Family history; there is an increased risk that you, too, will get from your parents or other close family members who have high cholesterol. The older you are, the higher the blood pressure becomes. When we age, some of the absorbent consistency of our blood vessels increasingly loses and can lead to increased blood pressure (Nerenberg et al., 2018). For instance, Mrs Phillip is 84 years old, thus at high risk of falling and collapsing due to pressure. Nevertheless, high blood pressure can also occur in infants. Therefore, blood pressure is greater than that of women by the age of 64. Women are more likely to have high blood pressure at 65 years of age and above. Learn more about hypertension and women. High blood pressure is more common for racial Americans in the US than for any other race. For African Americans, it is also more severe and some drugs are less successful in black HBP treatment.
`Targeted and/or population-based approaches may be used to prevent and control hypertension. According to Webster et al. (2018), the proactive approach is the conventional technique used to minimize BP for people at the top end of the BP distribution and aims at a clinically significant reduction in BP (Dickson et al., 2017). The guided approach is used in the treatment of high blood pressure patients, but the same technique is known as an effective method for the prevention of high blood pressure. Public health urban environmental management studies derive the workforce-based strategy
There is an aim to reach a lower BP reduction for the whole population, with the effect that the whole BP distribution is slightly downward. The allure of the population method is the apparent use by modelling studies of the CVD in contrast to the targeted strategy. From Carey et al. (2018), the basis of this argument is the idea that many people at a slightly higher CVD risk will produce many more situations than a limited number at high risk. For instance, an overall population DBP-reduction of as little as 2 mm Hg will lead to a 17% decrease in hypertension incidence, a 14% decrease in the risk of strokes, and a 6% decrease in coronary cardio-active risk. As they use the same approaches, tailored strategies focused on communities complement each other and reinforce each other.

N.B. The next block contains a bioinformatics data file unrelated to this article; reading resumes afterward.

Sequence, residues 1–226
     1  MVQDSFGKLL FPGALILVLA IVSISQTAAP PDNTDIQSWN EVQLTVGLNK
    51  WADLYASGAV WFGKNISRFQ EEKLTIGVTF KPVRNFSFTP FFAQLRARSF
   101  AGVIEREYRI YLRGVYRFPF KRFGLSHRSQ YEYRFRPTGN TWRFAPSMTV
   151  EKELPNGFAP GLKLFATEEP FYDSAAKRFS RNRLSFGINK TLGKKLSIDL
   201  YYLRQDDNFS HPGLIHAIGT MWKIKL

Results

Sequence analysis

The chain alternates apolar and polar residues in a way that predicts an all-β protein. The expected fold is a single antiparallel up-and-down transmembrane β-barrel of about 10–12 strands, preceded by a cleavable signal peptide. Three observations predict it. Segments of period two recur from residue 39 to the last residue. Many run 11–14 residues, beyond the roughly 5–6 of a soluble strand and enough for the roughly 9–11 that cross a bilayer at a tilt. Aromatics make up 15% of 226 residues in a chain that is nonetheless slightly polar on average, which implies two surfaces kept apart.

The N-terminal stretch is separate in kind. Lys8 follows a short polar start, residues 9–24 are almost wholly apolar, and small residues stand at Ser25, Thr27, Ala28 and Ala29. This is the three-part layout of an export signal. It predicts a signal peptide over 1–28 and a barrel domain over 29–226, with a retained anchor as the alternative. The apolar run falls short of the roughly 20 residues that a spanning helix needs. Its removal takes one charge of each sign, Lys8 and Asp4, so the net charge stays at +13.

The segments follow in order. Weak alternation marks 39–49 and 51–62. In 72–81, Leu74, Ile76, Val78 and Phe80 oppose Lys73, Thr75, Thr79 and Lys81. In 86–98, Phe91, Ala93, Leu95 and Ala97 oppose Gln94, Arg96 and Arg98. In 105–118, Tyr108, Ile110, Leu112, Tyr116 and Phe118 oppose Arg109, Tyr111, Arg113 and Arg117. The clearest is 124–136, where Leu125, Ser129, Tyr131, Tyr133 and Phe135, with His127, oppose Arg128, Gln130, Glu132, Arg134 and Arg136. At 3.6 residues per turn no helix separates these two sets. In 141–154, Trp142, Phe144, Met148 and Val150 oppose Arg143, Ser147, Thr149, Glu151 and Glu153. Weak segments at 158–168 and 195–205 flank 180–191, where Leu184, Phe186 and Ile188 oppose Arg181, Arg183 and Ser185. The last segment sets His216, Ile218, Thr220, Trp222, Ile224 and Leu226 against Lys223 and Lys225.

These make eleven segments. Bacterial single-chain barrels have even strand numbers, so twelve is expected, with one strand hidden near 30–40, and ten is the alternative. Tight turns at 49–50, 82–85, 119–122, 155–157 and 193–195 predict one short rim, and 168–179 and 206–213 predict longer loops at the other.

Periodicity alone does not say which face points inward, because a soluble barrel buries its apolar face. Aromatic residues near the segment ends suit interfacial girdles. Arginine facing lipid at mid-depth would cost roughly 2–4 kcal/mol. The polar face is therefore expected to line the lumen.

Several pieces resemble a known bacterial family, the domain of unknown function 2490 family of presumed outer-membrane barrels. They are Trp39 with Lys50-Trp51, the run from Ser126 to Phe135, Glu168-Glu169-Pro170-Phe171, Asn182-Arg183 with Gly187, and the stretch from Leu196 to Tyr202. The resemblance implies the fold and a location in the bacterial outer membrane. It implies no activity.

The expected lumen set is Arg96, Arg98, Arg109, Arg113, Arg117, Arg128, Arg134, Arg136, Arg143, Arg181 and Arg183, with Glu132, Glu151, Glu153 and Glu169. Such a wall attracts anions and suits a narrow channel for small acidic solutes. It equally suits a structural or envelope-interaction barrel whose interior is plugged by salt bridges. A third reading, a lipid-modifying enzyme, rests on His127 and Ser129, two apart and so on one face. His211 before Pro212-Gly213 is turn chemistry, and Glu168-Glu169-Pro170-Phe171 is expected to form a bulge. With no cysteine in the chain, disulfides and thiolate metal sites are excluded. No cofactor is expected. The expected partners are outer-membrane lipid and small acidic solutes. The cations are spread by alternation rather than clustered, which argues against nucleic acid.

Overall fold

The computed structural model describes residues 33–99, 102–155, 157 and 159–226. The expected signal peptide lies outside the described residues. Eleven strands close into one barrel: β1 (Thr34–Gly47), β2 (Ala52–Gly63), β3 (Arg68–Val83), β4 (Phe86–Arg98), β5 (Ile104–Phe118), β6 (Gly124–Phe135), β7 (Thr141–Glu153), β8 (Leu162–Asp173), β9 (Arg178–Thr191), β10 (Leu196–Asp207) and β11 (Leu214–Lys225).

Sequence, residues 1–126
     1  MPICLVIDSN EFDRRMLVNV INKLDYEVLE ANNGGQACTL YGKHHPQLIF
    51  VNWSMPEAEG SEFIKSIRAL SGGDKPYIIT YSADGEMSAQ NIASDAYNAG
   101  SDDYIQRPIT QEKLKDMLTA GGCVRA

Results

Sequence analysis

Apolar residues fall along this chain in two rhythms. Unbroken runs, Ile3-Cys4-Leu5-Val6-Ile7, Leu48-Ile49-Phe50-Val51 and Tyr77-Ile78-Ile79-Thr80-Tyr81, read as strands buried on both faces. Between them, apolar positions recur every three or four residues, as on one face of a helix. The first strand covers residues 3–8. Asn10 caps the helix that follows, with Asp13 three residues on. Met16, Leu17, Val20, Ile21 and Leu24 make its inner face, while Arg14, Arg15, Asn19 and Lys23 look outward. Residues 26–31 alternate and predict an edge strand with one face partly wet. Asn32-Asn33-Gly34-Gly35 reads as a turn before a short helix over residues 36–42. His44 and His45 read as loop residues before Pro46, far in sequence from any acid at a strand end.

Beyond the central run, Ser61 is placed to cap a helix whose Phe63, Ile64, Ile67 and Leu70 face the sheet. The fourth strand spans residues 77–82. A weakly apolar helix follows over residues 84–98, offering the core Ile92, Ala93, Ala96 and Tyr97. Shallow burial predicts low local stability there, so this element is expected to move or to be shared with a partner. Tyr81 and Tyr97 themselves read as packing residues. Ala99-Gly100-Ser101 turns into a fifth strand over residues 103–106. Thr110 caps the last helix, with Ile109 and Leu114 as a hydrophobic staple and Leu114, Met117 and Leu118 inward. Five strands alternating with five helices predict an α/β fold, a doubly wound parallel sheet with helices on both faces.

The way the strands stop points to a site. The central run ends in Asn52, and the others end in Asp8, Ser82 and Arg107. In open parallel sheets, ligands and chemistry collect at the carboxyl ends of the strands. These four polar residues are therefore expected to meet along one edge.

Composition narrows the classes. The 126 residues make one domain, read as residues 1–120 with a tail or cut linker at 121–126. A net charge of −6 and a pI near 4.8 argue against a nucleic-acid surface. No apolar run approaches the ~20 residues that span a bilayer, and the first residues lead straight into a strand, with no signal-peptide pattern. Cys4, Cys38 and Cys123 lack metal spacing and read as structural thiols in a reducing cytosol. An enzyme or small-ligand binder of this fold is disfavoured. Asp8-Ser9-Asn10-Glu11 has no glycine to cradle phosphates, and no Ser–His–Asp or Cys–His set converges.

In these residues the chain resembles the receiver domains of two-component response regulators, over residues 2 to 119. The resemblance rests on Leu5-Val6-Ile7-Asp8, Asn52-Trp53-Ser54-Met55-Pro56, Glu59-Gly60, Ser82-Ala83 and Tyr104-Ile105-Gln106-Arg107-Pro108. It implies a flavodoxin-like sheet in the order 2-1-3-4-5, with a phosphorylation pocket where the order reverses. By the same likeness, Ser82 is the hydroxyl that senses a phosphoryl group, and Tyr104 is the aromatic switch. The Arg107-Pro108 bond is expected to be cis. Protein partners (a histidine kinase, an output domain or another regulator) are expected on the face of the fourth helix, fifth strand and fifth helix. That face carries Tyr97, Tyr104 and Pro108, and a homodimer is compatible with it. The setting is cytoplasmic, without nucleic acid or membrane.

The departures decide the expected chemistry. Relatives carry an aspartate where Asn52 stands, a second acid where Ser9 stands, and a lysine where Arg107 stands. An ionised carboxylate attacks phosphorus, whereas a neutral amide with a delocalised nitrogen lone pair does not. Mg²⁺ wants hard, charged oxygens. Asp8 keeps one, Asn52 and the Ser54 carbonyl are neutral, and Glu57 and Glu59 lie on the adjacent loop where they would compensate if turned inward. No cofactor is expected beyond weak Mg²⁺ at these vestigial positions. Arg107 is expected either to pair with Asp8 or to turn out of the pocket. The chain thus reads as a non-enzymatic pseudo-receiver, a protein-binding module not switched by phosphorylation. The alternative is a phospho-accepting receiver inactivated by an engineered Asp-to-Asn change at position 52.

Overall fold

Exact BP measurement science behind the prevention and management of high BP has become increasingly intense, but much remains to be done to ensure clinical practice incorporates this expertise. The accuracy of BP tests used to diagnose and treat hypertension must be improved as an absolute requirement (Ioannidis, 2018). Estimate BP is highly susceptible to systemic and random errors, but easy guidance methods reduce these mistakes to a minimum. Unfortunately, in clinical practice, the consistency of BP tests is extremely poor.
Improvements in the consistency of office-based assessments by training physicians or appointed staff members are crucial to the implementation of clinical practice guidelines for the identification and management of hypertension. Patients like Mrs Phillip are equipped to measure BP as an effective supplement or substitute accurately. Initiatives like Million Hearts and Aim BP are essential steps towards that objective.
A patient will reduce the salt he/she consumes and reduce the amount of potassium in a patient’s diet to help control your heart rate. Foods which are lower in fat and a large number of fruits, legumes, and whole vegetables are also essential for eating. DASH nutrition is an example of nutrition that can help patients like Mrs Phillip minimize blood pressure.
A patient should get exercise regularly. The sport will help Mrs Phillip keep her blood pressure stable and decrease her weight. At least two and a half hours a day or vigorous aerobic exercises 1 hour and 15 mins a week should be performed with intense exercise.